We saw a lot of ducks enjoying themselves on the river. This guy was diving for dollars – or bugs – on the bottom and this was pretty much all we saw of him for minutes at a time.
It was also duckling season and we saw several duck families on the water. The boat drivers always slowed down or even stopped to let the little ducklings get out of the way.
We got off the boat with a healthy apetite and walked along the river looking at Yelp reviews. We settled on a British Pub called Mad Dogs.
Mad Dog’s had seating outdoors and it felt like we were sitting right on top of the river. Probably because we kinda were.
Of course, I had to try the fish and chips. I’m pleased that they didn’t even attempt mushy peas, which are almost never done properly in America. Sadly, they are less and less likey to be done right in the UK too.
The fish was great and so were the chips! The tartar sauce had a little bit of spice in it that gave it a nice kick. I would definitely return to Mad Dog. Also, if you check in on Yelp, you get a free dessert – we had the Irish Cheescake and it was delish! Apparently the owner himself makes the Irish coffee glaze that goes on the cheesecake.
If you come to San Antonio for work – which is common since the convention center is right next to the riverwalk – don’t be like me. Find an hour or two and go see it!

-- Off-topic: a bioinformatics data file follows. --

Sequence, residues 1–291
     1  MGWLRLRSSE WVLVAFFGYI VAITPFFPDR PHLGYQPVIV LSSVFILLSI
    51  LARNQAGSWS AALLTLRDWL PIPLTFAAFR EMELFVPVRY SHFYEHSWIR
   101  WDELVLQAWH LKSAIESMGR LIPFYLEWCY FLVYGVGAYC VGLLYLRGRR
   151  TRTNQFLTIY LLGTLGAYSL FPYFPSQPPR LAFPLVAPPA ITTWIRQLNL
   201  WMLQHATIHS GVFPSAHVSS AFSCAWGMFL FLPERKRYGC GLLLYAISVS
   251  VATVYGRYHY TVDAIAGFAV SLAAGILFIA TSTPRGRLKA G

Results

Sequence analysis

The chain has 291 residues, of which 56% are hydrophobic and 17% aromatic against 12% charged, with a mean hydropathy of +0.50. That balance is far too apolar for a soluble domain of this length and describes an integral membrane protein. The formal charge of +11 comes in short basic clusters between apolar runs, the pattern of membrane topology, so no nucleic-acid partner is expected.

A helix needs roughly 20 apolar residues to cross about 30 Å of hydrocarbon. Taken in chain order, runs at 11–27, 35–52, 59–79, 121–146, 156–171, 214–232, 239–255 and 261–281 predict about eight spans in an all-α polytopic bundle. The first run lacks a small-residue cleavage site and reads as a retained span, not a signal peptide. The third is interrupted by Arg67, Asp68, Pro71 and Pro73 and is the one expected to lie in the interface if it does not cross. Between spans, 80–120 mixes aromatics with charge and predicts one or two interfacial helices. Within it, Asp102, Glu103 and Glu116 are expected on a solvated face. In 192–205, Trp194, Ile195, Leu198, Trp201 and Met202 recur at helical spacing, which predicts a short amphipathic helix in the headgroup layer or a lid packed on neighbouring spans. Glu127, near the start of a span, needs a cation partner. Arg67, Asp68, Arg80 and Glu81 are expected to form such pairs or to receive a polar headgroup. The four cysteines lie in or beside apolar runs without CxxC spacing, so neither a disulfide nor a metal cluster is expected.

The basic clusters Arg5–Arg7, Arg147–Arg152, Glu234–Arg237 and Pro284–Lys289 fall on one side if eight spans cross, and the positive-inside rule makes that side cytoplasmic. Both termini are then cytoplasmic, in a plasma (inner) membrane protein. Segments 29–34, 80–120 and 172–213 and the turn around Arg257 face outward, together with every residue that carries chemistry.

The other must-see for me was the Alamo.
I won’t go into the full history of the Alamo – there are plenty of sites on the Internet for that – but it was very cool to see such an iconic spot and one which played such a pivotal role in Texas independence from Mexico!No photos are allowed inside the Alamo because it is a memorial to the fallen defenders who, against all odds, tried to hold off the forces of Gen. Santa Anna and in doing so made the ultimate sacrifice.
Heather had one more spot on the agenda – the Pearl! Its an old brewery that is undergoing a massive gentrification.
There is once again a brewery on site, although this is now a micro (vs. macro) brewing company.
The Culinary Institute of America has an office here, and a number of other trendy restaurants have moved in.
The original stable is still here and in excellent condition considering it was built in 1894. Today it is used as an event space.
Our goal was Lick. Honest ice cream. Lick’s logo looks like a tongue and ours was hanging out when we saw the flavors.
Lick makes its ice cream from all local ingredients and that dictates the flavors, many of which are seasonal.
I had “Too Hot Chocolate” which was a dark chocolate base with cayenne, chipotle, and cinnamon added. It was fricken’ delicious!!! Heather had goat cheese, thyme, and honey. She loved it. I don’t care for goat cheese, so I wasn’t as impressed 🙂
Our sweet tooth was satisfied and we headed back to Kerrville. One thing I will say is that San Antonio has been growing like crazy and has outgrown its highway system. Driving here reminded me very much of driving in California, and not in a good way. After the empty spaces of Arizona, New Mexico, and Hill Country the traffic was a bit of a shock!